Nonlinear feature extraction methods for removing temperature effects in multi-mode guided-waves in pipes


Ultrasonic guided-waves propagating in pipes with varying environmental and operational conditions (EOCs) are usually the results of complex superposition of multiple modes travelling in multiple paths. Among all of the components forming a complex guided-wave signal, the arrivals scattered by damage (so called scatter signal) are of importance for damage diagnosis purposes. This paper evaluates the potentials of nonlinear decomposition methods for extracting the scatter signal from a multi-modal signal recorded from a pipe under varying temperatures. Current approaches for extracting scatter signal can be categorized as (A) baseline subtraction methods, and (B) linear decomposition methods. In this paper, we first illustrate, experimentally, the challenges for applying these methods on multi-modal signals at varying temperatures. To better analyze the experimental results, the effects of temperature on multi-modal signals are simulated. The simulation results show that different wave modes may have significantly different sensitivities to temperature variations. This brings about challenges such as shape distortion and nonlinear relations between the signals recorded at different temperatures, which prevent the aforementioned methods to be extensible to wide range of temperatures. In this paper, we examine the potential of a nonlinear decomposition method, namely nonlinear principal component analysis (NLPCA), for removing the nonlinear relation between the components of a multi-modal guided-wave signal, and thus, extracting the scatter signal. Ultrasonic pitch-catch measurements from an aluminum pipe segment in a thermally controlled laboratory are used to evaluate the detection performance of the damage-sensitive features extracted by the proposed approach. It is observed that NLPCA can successfully remove nonlinear relations between the signal bases, hence extract scatter signal, for temperature variations up to 10℃, with detection accuracies above 99%.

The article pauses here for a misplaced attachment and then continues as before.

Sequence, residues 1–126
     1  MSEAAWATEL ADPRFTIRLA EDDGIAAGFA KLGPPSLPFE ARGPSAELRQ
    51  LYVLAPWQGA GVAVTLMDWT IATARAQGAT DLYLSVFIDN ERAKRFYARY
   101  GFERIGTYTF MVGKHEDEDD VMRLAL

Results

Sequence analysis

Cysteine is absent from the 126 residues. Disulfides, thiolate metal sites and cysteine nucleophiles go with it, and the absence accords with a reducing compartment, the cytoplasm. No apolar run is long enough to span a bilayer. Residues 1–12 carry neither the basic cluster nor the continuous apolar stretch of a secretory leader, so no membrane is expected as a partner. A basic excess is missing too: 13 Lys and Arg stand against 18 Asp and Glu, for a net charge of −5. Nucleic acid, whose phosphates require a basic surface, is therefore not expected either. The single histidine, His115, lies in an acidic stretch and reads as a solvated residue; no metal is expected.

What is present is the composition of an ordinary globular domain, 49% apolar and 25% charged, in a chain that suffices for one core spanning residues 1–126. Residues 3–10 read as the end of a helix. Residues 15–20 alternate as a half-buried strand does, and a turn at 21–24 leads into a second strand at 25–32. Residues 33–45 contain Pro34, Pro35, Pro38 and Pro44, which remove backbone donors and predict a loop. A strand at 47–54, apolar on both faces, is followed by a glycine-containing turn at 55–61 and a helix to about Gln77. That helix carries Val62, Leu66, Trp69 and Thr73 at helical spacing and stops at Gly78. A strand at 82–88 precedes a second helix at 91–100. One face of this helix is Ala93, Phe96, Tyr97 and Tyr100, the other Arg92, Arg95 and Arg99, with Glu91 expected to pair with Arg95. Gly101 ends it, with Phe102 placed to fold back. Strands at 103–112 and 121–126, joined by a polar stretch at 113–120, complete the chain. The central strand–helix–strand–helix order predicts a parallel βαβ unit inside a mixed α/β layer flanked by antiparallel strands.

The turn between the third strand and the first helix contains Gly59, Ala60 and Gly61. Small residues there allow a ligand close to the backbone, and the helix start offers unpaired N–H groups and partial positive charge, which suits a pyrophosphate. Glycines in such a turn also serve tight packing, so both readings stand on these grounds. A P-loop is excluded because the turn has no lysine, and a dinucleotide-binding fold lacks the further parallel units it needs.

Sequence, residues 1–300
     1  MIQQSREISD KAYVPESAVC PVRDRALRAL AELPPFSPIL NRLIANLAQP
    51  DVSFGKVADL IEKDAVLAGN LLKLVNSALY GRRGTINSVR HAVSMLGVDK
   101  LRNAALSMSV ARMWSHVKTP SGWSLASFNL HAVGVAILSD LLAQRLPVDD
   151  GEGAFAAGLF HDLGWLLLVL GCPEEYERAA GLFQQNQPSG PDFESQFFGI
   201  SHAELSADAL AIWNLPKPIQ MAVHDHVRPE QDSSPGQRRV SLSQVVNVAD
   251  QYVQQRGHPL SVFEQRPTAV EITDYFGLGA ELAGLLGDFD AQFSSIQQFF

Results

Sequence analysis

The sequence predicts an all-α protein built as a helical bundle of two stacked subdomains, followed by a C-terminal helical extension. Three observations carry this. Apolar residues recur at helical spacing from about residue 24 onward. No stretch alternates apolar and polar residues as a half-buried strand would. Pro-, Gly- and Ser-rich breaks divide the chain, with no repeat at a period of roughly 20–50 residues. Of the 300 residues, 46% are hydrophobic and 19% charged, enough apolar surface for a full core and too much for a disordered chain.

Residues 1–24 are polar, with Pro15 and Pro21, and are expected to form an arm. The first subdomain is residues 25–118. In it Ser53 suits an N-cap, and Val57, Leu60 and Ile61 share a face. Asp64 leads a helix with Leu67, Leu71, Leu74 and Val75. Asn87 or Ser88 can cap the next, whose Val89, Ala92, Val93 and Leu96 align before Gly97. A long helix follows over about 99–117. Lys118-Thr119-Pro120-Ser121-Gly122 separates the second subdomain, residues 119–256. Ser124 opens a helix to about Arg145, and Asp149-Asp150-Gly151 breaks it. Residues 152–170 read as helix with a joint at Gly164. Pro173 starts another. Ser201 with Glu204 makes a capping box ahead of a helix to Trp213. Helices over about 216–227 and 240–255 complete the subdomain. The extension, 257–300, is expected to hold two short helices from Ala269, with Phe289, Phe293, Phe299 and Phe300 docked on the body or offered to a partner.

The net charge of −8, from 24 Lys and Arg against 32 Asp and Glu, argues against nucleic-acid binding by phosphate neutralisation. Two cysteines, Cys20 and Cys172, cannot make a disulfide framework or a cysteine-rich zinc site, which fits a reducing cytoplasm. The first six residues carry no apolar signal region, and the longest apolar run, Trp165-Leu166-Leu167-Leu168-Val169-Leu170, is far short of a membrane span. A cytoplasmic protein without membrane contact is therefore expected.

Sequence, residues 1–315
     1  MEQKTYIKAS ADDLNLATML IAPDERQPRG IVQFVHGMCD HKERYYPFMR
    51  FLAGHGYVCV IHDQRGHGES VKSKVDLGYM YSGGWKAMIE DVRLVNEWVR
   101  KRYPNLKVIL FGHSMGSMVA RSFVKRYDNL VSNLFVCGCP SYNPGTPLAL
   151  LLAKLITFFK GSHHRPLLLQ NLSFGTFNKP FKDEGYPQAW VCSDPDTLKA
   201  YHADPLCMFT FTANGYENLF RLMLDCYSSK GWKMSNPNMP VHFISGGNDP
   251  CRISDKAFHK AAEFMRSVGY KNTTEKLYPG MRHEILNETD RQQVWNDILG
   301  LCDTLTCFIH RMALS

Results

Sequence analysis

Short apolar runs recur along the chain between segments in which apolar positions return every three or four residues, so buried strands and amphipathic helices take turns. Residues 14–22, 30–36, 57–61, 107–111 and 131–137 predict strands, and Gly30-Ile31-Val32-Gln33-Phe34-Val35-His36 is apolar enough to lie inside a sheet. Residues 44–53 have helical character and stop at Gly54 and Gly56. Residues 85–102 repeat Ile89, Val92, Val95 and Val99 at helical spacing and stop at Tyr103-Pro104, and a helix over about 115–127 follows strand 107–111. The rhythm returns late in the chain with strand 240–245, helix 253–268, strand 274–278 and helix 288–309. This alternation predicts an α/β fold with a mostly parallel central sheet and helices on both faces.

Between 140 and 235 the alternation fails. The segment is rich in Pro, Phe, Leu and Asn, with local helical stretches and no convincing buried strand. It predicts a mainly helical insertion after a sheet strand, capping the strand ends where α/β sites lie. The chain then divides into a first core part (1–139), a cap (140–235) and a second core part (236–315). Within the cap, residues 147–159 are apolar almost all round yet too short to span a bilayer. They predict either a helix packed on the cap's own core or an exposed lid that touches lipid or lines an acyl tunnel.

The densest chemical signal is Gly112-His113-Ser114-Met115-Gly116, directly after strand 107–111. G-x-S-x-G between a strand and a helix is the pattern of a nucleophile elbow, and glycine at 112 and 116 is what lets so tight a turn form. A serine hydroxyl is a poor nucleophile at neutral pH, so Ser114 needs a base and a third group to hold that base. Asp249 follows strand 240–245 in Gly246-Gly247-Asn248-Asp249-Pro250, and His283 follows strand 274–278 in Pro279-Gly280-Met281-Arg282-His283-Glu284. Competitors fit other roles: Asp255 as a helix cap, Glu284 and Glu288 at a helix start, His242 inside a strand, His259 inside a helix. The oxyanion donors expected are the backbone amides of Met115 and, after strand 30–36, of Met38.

Structural Health Monitoring and Inspection of Advanced Materials, Aerospace, and Civil Infrastructure 2015